Guest Post: The Impact of Facebook Credits on Platform Payments

Editor’s Note: Earlier this week, Facebook confirmed to Inside Facebook that it is planning to launch an alpha test of its virtual currency, Facebook credits, with Platform application developers in the next few weeks. Under the test, application developers will be able to accept Facebook credits as payment for in-app features and items, and be reimbursed by Facebook for the credits spent inside their applications. Obviously, news of a universal Facebook currency has major implications for application developers, Platform payment companies, and the development of the Facebook Platform economy overall.

vikasguptaThis is a guest post by Vikas Gupta. Gupta is CEO of Jambool, the developer of SocialGold, a virtual currency and payment platform for social applications.

Facebook Credits will be a meaningful complement to, but not a replacement for, existing payment methods and virtual currencies on the Facebook platform.  It simply creates a new channel for developers on the Facebook platform to grow their revenue. Developers who already rely on virtual currencies for game play, or use subscriptions or other means to monetize, will continue to do so;  Facebook Credits will become yet another option for the user to transact.

Payments is a pain point for most developers, who’d rather focus on the game experience and growing an audience than processing credit cards or managing a currency.  When considering a new payment method or virtual currency, these developers tend to focus on ease of integration and conversion.  Basically, if it’s easy not only for the developer to integrate but also for the end user to transact, then the conversion will justify its inclusion in the game.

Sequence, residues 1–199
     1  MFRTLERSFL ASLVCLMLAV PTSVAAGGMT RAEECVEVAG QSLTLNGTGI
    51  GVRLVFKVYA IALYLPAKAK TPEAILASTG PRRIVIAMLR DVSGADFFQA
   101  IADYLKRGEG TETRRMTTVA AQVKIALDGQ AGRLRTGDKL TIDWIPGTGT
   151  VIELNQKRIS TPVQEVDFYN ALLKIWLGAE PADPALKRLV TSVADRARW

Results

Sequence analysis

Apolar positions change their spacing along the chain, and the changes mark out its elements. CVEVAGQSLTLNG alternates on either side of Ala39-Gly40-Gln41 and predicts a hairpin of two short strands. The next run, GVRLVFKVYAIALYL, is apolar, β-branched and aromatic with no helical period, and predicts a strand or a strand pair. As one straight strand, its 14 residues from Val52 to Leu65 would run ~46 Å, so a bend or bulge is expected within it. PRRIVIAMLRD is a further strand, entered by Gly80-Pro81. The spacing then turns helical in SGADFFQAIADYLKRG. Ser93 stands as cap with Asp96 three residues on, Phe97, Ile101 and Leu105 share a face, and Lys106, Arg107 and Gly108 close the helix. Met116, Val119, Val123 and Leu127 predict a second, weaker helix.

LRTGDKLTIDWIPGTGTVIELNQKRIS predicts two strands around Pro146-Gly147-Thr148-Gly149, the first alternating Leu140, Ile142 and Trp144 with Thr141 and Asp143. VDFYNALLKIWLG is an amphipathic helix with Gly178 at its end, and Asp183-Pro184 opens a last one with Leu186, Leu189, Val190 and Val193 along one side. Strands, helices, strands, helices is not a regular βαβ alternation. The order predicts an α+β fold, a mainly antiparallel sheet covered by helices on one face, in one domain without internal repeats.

People currently can bring money into the application environment from a variety of different channels, and they can spend it in a variety of different ways within the applications themselves. The most common incoming channels today are pre-paid systems, direct in-game payments, subscriptions and lead-gen offers. Facebook Credits can offer an alternative pre-paid system, and will compete with other similar network wide pre-paid payment methods.

However, where people spend money to buy currency directly within the application, or pay for subscriptions that get billed periodically, Facebook Credits will provide negligible value to users and developers. At Social Gold, we’ve found that direct, in-game payments drive much higher conversion than any other payment method, due in part to a seamless transaction flow that does not disrupt game play, so requiring an intermediate step (i.e., purchase Facebook Credits at the Facebook Gift Store) will be much less effective.

Ultimately, the introduction of Facebook Credits will help increase the overall monetization on the Facebook platform, because it will associate virtual goods and virtual currencies with a trusted brand for those users who might’ve been apprehensive about transacting in the past with less known and less trusted applications; it basically will help more users get accustomed to the concept of virtual goods and currencies. This can only bode well for the overall ecosystem, and I’d even venture to say that it will help drive the growth in user spending on applications via payment methods other than Facebook Credits.

In many ways, the release of Facebook Credits validates models like ours, because we already let users transact across many popular Facebook applications, using a Social Gold wallet that is associated with their Facebook ID. On that front, we see our offering as very complementary to Facebook Credits.